One lovely summer day, our entire church family went to the coast for a picnic. We brought a ton of food and games to play. After we had all eaten to our hearts' content, a game of touch football began, as well as horseshoes and various table games. The kids, of course, wanted to play in the little protected bay near where we had gathered. I was appointed lifeguard because, thought the water was calm and shallow, most of the kids couldn't swim.

As I stood watching them play enthusiastically, a huge wave swelled into the bay—raising the water level from two to five feet almost instantly. The kids closest to the shore scrambled out, but most of them were underwater! I plunged into the water, grasping wildly, but realized quickly that I could only get a few of the children and that most of them would drown. I ran up the bank to where the adults were relaxing and playing and screamed for help. Most of them were so involved in their games, however, that they didn't notice me.  The few who did hear me didn't seem to understand what I was saying. Somehow, I had to get through to them that they were desperately needed to save their children!

What you've just read is an illustration I made up to communicate to my congregation the critical importance of praying for a lost world that needs to be saved. I know and believe the truth that God "stirs up" His people to pray. I also believe that God works with sovereignty in people's hearts to point them toward salvation: "No one can come to me unless the Father who sent me draws him" (Jn. 6:44). But it is also true that God has committed us to the work of reconciliation: "for, "Everyone who calls on the name of the Lord will be saved. How, then, can they call on the one they have not believed in? And how can they believe in the one of whom they have not heard? And how can they hear without someone preaching to them?" (Ro. 10:13-14).

I believe that pastoral leadership is essential in focusing a church on prayer. Over the past eight years, I've spent a great deal of time working and thinking about how to move our church to be "devoted to prayer." During this time, I have developed some fundamentals that I believe I must adhere to if God is going to use me to lead our church toward this goal. I would like to share the first one with you.

Believe that prayer is essential

Almost everyone believes that prayer is important.  But there is a difference between believing that prayer is important and believing it is essential.  "Essential" means there are things that will not happen without prayer.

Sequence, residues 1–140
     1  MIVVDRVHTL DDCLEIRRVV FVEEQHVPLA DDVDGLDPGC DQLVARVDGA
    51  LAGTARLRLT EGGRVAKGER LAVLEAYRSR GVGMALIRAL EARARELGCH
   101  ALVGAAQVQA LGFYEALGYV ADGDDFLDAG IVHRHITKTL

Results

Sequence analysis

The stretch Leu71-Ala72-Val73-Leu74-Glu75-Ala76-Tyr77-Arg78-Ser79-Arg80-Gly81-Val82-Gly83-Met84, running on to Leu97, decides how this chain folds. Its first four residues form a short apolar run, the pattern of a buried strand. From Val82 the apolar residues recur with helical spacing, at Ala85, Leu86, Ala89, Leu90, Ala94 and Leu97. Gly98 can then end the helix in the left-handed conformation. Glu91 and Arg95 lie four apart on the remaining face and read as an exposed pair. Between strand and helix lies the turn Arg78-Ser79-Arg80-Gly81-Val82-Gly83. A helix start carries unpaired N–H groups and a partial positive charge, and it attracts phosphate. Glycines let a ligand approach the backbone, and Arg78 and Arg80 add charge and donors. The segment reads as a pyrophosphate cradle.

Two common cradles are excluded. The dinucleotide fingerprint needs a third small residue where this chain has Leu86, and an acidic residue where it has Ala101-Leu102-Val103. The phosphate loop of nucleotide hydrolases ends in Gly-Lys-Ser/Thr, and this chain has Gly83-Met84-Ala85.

There are many contributing factors to successful ministry, especially in the area of winning the lost. Prayer alone may not get results. But without prayer, even the best program, discipline, or plan will be frustrated and fail. Those who believe that prayer is essential—not just important—will have a passion and fervency that will persuade others to join them. 

The stronger my belief that prayer is absolutely essential, the stronger my zeal and passion will be.  Passion and zeal are the keys to good leadership when motivating a congregation to pray for the lost.

Model your belief

It's obvious:  The first step in motivating a congregation to make prayer essential is to model this belief yourself.

Following a pastors' prayer summit in January 1989, I became convinced that our church needed to make prayer the central focus of our ministry. I started by confessing to my congregation — then around 200 people — that I had been pastoring them without prayer. I pledged to change that: I was going to be a man dedicated to prayer. I set the goal of praying one hour by myself every morning and praying with at least one other individual for one hour in the evening. I opened the church from 9 to 10 every night for prayer. Unless I'm out of town, I'm there every night, and others always join me. Part of my morning is devoted to praying individually for the people who attend our church. Besides praying for their needs (which I keep updated on my computer, along with photos of each family), I ask God to motivate them to pray. I take my charge from John 17:9, in which Jesus prays to the Father: "I pray for them. I am not praying for the world, but for those you have given me, for they are yours."